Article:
The town of Chiang Khan is I believe part of that mythical entity “The real Thailand”. Located in the Isaan province of Loei it can be found in a valley leading onto the Mekong River about 50 kilometres from the provincial capital which is also called Loei. Arriving at the outskirts of Chiang Khan is revealed a busy rural but on first impression unremarkable town. However once you have navigated the roads and the Sois that lead to the river you reach a long narrow river front road lined with a combination of teak timber and brick shop fronts and houses.
Once you have checked into one of the many guesthouses that line the street, its time to kick back on the guesthouse balcony and see what makes Chiang Khan special. The Mekong is much narrower here than further down river towards Nong Khai and gives a much clearer view into Laos. Wooden riverboats flying Lao and Thai flags putter up the river and in the dry season you can look up and down the river on both the Thai and Lao sides and see the market gardens that have been set up on the fertile riverbanks. The only sign of frenetic activity are the passenger speedboats screaming down the river, clocking awesome speeds. All and all just a good spot to sit back relax and enjoy a few beers.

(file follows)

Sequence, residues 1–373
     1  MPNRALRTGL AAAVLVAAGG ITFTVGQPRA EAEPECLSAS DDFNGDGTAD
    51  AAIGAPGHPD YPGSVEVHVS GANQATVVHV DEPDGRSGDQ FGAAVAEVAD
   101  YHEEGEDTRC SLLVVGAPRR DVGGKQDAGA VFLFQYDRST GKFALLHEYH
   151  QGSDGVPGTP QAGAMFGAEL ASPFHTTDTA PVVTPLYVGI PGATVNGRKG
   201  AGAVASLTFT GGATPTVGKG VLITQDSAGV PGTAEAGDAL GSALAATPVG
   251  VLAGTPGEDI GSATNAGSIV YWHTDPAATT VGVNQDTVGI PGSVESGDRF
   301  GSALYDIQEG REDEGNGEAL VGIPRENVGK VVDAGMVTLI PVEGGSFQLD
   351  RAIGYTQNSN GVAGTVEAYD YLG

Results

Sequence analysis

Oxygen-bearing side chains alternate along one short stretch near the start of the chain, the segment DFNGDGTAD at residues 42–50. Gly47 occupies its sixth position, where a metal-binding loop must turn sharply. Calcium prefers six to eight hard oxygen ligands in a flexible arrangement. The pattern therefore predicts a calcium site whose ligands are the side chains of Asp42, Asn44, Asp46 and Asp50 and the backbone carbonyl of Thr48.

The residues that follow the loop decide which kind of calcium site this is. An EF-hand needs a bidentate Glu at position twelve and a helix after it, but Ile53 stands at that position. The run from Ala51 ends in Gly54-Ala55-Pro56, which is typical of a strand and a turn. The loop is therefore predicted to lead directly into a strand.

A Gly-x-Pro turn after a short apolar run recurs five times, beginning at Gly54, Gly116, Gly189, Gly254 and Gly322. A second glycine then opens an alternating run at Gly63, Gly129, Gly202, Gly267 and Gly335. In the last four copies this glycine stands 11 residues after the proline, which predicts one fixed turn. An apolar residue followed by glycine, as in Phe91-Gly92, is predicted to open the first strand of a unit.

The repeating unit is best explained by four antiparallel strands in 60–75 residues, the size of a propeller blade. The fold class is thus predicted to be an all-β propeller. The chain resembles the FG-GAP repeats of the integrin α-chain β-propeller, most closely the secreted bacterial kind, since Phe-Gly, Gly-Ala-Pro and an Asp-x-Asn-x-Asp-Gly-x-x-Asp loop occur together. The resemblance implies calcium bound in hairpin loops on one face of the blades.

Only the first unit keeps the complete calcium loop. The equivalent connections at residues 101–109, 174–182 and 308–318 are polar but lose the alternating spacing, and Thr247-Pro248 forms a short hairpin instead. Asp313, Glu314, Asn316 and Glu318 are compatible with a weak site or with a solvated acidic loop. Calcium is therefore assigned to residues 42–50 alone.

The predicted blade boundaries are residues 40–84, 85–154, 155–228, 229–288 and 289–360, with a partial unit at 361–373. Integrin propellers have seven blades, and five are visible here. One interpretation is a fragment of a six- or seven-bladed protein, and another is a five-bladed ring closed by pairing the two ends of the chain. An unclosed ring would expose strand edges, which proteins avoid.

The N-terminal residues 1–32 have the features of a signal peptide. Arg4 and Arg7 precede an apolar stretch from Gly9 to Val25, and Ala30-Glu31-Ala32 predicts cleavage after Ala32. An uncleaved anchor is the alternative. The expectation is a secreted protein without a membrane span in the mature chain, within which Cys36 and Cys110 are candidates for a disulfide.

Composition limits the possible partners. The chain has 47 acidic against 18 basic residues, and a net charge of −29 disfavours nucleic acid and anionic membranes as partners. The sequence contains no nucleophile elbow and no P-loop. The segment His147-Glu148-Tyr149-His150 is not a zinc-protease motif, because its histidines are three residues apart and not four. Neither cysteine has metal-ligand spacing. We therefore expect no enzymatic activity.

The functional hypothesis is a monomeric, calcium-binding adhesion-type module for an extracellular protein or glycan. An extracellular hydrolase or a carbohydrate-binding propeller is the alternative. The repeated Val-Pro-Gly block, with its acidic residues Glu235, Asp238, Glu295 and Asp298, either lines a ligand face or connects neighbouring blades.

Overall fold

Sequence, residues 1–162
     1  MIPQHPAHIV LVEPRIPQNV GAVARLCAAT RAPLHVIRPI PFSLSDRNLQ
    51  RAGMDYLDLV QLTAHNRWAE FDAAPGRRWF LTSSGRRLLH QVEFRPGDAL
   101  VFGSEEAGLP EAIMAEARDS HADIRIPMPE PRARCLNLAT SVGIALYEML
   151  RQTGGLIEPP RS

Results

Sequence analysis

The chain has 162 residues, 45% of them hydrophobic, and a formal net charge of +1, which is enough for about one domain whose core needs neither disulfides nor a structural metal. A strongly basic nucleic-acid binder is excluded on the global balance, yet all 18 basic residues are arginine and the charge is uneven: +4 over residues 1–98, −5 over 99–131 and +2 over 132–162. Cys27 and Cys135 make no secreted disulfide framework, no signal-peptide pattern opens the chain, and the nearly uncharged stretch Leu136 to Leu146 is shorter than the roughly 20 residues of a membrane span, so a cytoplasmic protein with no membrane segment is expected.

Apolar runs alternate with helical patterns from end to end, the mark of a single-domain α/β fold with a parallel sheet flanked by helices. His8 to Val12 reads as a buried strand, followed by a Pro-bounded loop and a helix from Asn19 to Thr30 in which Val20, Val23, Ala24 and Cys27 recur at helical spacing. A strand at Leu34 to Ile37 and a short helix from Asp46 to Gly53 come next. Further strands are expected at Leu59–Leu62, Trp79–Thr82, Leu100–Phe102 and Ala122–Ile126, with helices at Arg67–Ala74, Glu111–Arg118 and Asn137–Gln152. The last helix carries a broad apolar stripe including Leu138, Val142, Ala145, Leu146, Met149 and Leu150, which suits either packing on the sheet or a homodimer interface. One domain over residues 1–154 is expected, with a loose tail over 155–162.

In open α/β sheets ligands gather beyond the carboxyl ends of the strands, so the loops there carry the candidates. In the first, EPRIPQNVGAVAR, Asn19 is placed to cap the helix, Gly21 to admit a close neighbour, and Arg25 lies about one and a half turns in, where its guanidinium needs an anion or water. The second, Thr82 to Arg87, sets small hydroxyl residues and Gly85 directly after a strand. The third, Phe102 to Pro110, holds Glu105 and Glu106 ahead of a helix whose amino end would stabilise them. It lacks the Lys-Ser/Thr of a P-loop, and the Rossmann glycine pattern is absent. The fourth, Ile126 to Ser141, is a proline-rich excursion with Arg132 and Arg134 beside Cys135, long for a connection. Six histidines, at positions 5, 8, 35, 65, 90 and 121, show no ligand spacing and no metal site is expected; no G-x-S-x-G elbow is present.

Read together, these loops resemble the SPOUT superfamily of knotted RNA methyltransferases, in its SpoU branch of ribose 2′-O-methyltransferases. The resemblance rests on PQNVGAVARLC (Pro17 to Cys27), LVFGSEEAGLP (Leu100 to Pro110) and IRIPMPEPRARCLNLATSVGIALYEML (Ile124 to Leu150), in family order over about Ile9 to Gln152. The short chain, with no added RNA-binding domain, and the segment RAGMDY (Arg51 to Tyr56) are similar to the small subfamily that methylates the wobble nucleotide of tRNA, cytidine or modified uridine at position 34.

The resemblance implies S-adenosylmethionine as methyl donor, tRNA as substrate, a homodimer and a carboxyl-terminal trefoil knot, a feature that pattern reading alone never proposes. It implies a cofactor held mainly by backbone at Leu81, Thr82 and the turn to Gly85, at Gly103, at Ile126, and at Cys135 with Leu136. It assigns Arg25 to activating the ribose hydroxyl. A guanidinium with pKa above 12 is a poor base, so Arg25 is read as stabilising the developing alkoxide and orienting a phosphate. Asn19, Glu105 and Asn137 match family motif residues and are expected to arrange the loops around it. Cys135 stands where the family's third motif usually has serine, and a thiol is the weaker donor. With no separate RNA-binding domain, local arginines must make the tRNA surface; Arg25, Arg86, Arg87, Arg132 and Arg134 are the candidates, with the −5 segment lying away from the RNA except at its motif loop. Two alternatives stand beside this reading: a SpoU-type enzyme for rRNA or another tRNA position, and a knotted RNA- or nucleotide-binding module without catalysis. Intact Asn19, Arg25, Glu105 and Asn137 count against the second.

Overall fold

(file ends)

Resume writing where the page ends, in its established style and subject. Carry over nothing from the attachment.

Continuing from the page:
About 4 kilometres down stream from Chiang Khan are the Kaeng Khut Khu rapids. At the rapids are a leafy park and a market. Stretching along the river opposite the market is a long thatched roof dining area. Sitting on raised bamboo platforms you can order delicious Isaan food including the local areas specialty – Kung Ten (dancing prawns). These are fresh still alive river prawns which are eaten or swallowed whole with a special sauce. Kaeng Khut Khu is a great place to while away a few hours eating, drinking and just taking in the scene.
After spending a few days in Chiang Khan I always better in myself. Why I don’t always know. Perhaps it’s the quiet, the friendliness of the townspeople, the fogs that roll down the river in the winter or perhaps just the little things such as the “klunk” echo that you hear bouncing across the river when something is dropped in the guesthouse or the shouted conversations out to the people on riverboats. All I know is that when I finally do leave each time, I have an underlying desire to return.
In future blogs I would like to expand further on other parts of that magic part of Thailand – The Mekong region. In the meantime if you are interested I have posted photographs of Chiang Khan and other parts of the Mekong on my website. Just click on the following link.